ISG candidates discuss platform ahead of Wednesday election


Photo courtesy of Josh Small and Jason Gandrapu

Josh Small and Jason Gandrapu, sophomores in LAS, are candidates for the student body president and vice president of Illinois Student Government. Small and Gandrapu talk about their goals with ISG with voting opening on Wednesday.

By Shreya Rathi, Staff Writer

The Illinois Student Government election begins Wednesday, March 9, and those running for the primary positions of president and vice president are calling for large reforms and renewed University efforts to protect the interests of students.

Among the candidates are Josh Small and Jason Gandrapu, both sophomores in LAS who are jointly running for president and vice president respectively, and Garrett Forrest, sophomore in LAS, who is running for president. Both Forrest’s and Small’s campaigns are centered around student wellness.

Forrest specifically strives to address mental health and food insecurity on campus.

“Part of the problem with mental health right now is that people don’t know about things beyond the Counseling Center,” Forrest said. 

Forest also explained that since the University’s Counseling Center is the most widely known mental health resource, their services are in high demand, but the ability of the center to meet that demand is stunted.

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“We hope that by informing more people about these different resources, we can make sure they get the help they need and reduce some of the burden on the demand side for the Counseling Center; right now, there’s a huge demand for counselors, but there just aren’t enough counselors to see all of those people,” Forrest said.

Forrest is also advocating for lessening food insecurity on campus. He said that his passion for addressing campus food issues stems from his past volunteer work.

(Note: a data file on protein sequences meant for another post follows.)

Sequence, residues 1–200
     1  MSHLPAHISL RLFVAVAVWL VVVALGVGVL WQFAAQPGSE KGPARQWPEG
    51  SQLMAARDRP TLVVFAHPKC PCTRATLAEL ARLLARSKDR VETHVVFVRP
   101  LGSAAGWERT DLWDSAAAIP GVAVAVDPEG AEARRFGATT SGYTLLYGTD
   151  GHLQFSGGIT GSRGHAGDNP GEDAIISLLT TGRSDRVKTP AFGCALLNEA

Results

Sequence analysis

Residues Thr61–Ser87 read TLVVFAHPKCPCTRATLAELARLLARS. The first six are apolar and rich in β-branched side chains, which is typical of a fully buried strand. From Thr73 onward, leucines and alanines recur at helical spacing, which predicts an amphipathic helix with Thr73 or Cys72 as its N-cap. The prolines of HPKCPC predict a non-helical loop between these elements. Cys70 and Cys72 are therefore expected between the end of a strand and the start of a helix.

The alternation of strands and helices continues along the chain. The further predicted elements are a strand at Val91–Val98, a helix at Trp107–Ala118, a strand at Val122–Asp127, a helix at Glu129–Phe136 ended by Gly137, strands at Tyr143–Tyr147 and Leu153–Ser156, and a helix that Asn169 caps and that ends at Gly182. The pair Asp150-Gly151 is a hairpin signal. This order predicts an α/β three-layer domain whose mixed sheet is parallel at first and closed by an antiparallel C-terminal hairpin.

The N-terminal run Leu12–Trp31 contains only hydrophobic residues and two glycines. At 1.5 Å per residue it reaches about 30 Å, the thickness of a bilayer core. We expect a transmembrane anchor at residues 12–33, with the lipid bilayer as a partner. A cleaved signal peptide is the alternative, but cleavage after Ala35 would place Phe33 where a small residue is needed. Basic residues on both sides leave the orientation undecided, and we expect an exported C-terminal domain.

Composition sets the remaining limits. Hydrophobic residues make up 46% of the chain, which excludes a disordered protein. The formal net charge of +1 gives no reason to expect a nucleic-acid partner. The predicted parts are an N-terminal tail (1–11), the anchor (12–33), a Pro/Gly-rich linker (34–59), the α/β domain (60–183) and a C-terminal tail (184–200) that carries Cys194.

“When I started serving food pantries, I would see classmates who seemed to struggle in school come through with their parents,” Forrest said. “I started to put these correlations together. How can you expect a student to succeed when they don’t know where their next meal is coming from?”

Forrest aims to work with organizations to find ways to reduce food insecurity.

“With regards to food insecurity on campus, we want to work with a nonprofit organization called Swipe Out Hunger to pressure the University to create a system where all unused meal swipes from meal plans are collected at the end of every week, and then distributed to students who are food insecure,” Forrest said. 

Small and Gandrapu’s campaign draws attention to a disconnect between ISG and the rest of the student body. According to the duo, they seek to fundamentally rewrite the way ISG functions. 

“With regards to (ISG’s) constitution and our foundational documents, our constitution is supposed to be a bedrock, the foundation on which our house is supposed to stand,” said Gandrapu. 

Gradrapu said that he plans to revise ISG’s constitution to be more student-based.

“If our foundation doesn’t focus on students, we as a student government can’t focus on students,” Gandrapu said. “I am presently rewriting the constitution of Illinois (Student Government) because I believe that our mission needs to be much more focused on students.” 

Regarding student underrepresentation, Gandrapu pointed specifically to the lack of Greek life in campus politics. 

“Over 50% of students are involved in Greek life and some form or another, however, ISG for the longest time has decided to shun them away,” Gandrapu said. “If elected, we hope to implement the Greek life liaison who will be an expert amongst the people of the community. One of the things that we definitely intend to do is make sure that every student feels like they have a voice.”

Small is highly optimistic about ISG’s ability to enact all of the changes that the candidates want. 

“We’re more than capable of posting social events, we’re more than capable of advocating to make sure that we have funding for wellness centers,” Small said. “ISG really doesn’t have the power to force the university administration to do anything, but it has the power within the student population.”

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